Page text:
COPA Publishes Videos of Pilsen Shooting That Led to Charges Against Police Officers

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Video published by the Civilian Office of Police Accountability shows the July 22, 2022 shooting that led to two Chicago police officers being charged with aggravated battery and other charges. (Civilian Office of Police Accountability)

The civilian oversight agency tasked with investigating police misconduct published video Tuesday showing the July shooting in Pilsen that led to a Chicago police sergeant and an officer being arrested on felony charges last week.

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Video published by the Civilian Office of Police Accountability shows the July 22, 2022 shooting that led to two Chicago police officers being charged with aggravated battery and other charges. (Civilian Office of Police Accountability)

Crews Have Replaced Less Than 0.5% of Lead Service Lines Shown to Contaminate Tap Water in Chicago Homes: Data

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(U.S. Air Force photo by Airman 1st Class Alexxis Pons Abascal)

Despite promises, a federally-funded program has removed just 154 lead service lines from Chicago homes as of Monday, according to data provided to WTTW News by the Department of Water Management.

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(U.S. Air Force photo by Airman 1st Class Alexxis Pons Abascal)

Sept. 19, 2022 - Full Show

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Local relief efforts begin as Puerto Rico is hit with a devastating hurricane. The push to ban certain books in school libraries gains steam. And why some attorneys say the mayor’s office is withholding public records.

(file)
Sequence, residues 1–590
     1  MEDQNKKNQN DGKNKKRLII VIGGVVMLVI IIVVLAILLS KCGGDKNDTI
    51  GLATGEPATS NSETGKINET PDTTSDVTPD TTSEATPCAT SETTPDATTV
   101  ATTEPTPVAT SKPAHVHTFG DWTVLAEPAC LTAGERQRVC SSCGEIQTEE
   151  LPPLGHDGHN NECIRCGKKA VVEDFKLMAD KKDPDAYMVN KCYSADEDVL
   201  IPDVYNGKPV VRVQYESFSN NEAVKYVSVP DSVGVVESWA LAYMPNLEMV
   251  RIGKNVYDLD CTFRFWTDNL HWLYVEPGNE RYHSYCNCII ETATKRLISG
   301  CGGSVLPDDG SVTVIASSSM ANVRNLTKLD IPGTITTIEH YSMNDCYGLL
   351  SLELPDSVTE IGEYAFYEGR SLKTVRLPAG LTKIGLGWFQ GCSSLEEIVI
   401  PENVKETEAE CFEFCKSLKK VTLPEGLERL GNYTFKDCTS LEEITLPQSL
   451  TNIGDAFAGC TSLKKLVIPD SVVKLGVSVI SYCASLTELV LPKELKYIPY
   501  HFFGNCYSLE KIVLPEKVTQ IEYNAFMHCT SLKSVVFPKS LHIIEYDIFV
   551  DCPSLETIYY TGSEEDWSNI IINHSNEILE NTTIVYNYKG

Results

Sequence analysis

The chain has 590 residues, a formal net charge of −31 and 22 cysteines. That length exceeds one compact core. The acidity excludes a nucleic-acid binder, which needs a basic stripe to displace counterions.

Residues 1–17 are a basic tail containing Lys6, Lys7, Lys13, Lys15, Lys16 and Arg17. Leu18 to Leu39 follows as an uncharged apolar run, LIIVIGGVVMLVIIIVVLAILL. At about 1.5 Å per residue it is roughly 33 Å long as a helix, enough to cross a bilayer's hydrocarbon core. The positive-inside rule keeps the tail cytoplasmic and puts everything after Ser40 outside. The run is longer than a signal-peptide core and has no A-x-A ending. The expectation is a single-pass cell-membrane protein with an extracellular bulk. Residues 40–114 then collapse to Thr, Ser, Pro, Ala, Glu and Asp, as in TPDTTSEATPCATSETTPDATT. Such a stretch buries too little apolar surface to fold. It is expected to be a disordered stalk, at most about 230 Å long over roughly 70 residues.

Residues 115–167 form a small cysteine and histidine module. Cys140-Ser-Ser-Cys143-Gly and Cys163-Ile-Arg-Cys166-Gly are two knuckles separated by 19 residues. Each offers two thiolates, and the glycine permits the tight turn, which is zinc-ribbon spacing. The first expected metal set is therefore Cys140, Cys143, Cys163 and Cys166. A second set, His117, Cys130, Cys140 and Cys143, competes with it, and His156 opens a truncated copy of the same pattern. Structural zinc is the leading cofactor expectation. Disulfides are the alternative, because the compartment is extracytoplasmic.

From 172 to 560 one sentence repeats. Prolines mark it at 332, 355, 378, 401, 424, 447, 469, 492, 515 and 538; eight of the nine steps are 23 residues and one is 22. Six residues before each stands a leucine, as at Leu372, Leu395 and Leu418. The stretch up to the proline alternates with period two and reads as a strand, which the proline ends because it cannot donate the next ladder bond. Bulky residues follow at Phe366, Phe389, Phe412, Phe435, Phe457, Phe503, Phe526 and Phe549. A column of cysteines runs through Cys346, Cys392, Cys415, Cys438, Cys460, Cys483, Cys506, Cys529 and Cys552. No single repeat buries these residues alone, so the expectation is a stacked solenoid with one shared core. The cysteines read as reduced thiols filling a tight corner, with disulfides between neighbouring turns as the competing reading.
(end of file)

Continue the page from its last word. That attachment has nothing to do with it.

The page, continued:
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Hurricane Devastation Highlights Past Wrongs in Puerto Rico, Say Area Residents

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Aftermath of Hurricane Maria in Puerto Rico. (Credit: CNN)

As Puerto Rico is battling the devastation caused by Hurricane Fiona, Chicago-area residents of Puerto Rican descent say the storm calls attention to past wrongs and opportunities for change.

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Aftermath of Hurricane Maria in Puerto Rico. (Credit: CNN)

Efforts to Ban Books Surging in 2022, Library Association Says

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Amanda Darrow, director of youth, family and education programs at the Utah Pride Center, poses with books that have been the subject of complaints from parents in Salt Lake City on Dec. 16, 2021. (AP Photo / Rick Bowmer, File)

The wave of attempted book banning and restrictions continues to intensify, the American Library Association reported Friday. Numbers for 2022 already approach last year’s totals, which were the highest in decades.